Church Blogging

May 13, 2005 by

Brian Bailey, the Internet Manager for Fellowship Church in Dallas, was interviewed by Shel Israel for the forthcoming business blogging book by Israel and Microsoft blogger Robert Scoble (chapter 5 includes a section on Fellowship). Bailey talked about Fellowship’s blogging efforts, which include the recent launch of their church blog (see Bailey’s FAQ), executive Terry Storch’s blog (you may remember we wrote a piece for Terry’s blog) and 20 staff members who blog.

There’s plenty of gold in the above links, but I did find a few choice bits.

How has [blogging] changed the church?

The most dramatic effect has been within the staff. The blogs have had a significant impact on our own communication and has helped spread the vision of the church throughout the organization. As you read a blog, if it is honest and open, you can’t help but feel a greater connection to the writer and her church or company.

Blogs have also encouraged us to be more open, allowing readers to see how decisions are made and why. We’ve shared behind-the-scenes photos and anecdotes from events, and with that, the energy and excitement the staff has for what we do.

Do you have any advice for other organizations thinking about blogging?

From an organizational standpoint, I see weblogs as completely natural. A weblog is the written transcript of the thoughts, conversations, ideas, mistakes, and victories that take place every day in every organization. What isn’t natural is sharing that with the rest of the world.

Blogging is all about taking chances and getting out of your comfort zone. An organization must be willing tolerate some mistakes and criticism, knowing that the risk is worth the innumerable benefits of open communication. Blogs are a great instrument for connecting your organization with your users, customers, or members. Blogs also encourage honest conversation within an organization, pushing both change and growth.

How do you begin? My advice is to find the naturally curious people and let them start. I don’t think you can launch blogs as a new corporate initiative in the same way you introduce a new health plan. You need to locate the people in your organization that enjoy writing and have a passion for your product or service and want to be evangelists.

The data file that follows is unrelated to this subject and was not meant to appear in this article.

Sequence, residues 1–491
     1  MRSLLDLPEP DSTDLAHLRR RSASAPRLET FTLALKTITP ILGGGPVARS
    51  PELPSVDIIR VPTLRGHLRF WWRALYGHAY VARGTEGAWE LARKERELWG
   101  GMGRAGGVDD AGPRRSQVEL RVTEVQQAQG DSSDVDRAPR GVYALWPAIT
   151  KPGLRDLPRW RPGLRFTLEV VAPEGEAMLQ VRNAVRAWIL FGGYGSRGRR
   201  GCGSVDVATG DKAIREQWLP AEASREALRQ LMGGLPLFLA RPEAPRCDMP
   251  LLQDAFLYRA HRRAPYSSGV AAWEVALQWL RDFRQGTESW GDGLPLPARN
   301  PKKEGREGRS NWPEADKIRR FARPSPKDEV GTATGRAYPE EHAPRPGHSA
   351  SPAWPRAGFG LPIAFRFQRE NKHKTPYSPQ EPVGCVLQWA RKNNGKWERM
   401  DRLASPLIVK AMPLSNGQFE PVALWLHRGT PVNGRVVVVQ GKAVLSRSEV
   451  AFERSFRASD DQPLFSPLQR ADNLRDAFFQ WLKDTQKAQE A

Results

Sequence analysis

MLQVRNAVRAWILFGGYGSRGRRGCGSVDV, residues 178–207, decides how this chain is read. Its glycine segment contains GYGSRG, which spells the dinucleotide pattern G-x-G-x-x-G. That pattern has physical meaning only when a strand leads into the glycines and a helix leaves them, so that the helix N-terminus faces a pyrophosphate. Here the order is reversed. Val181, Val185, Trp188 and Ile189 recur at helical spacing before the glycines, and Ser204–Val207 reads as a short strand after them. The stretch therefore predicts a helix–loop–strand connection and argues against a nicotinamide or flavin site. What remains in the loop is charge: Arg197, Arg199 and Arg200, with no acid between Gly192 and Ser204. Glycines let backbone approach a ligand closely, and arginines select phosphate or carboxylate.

When I was in college, I heard the story of an architect who had a unique approach to paving the sidewalks on a new campus. Rather than plan where the paths should be and pour the concrete, he decided to open the campus without sidewalks and see where the people naturally traveled. After a couple of weeks, it was obvious where the sidewalks should be. I think it’s the same with blogging. Let it start as an experiment and see where it naturally goes. Then lay down the foundation for others to follow.

Post By:

Kevin D. Hendricks

When Kevin isn't busy as the editor of Church Marketing Sucks, he runs his own writing and editing company, Monkey Outta Nowhere. Kevin has been blogging since 1998, runs the hyperlocal site West St. Paul Reader, and has published several books, including 137 Books in One Year: How to Fall in Love With Reading, The Stephanies and all of our church communication books.
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2 Responses to “Church Blogging”

  • Anthony D. Coppedge
    May 13, 2005

    What a great set of thoughts. I particularly liked that last paragraph – what a great analogy (and cool architect!).
    In particular, I think the opportunity for a Senior Pastor to put for a real human face to a brick-and-mortar facade is huge. People connect with people, and for the Senior Pastor to “open up” (like most do with anecdotes from their personal life during a sermon) to those checking out a church is, I think, a big benefit.
    Of course, getting a senior pastor to blog can be the tricky part… :)

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  • Vacation Bible School
    May 15, 2005

    Churches that blog

    A church marketing website has put up an article on churches blogging…

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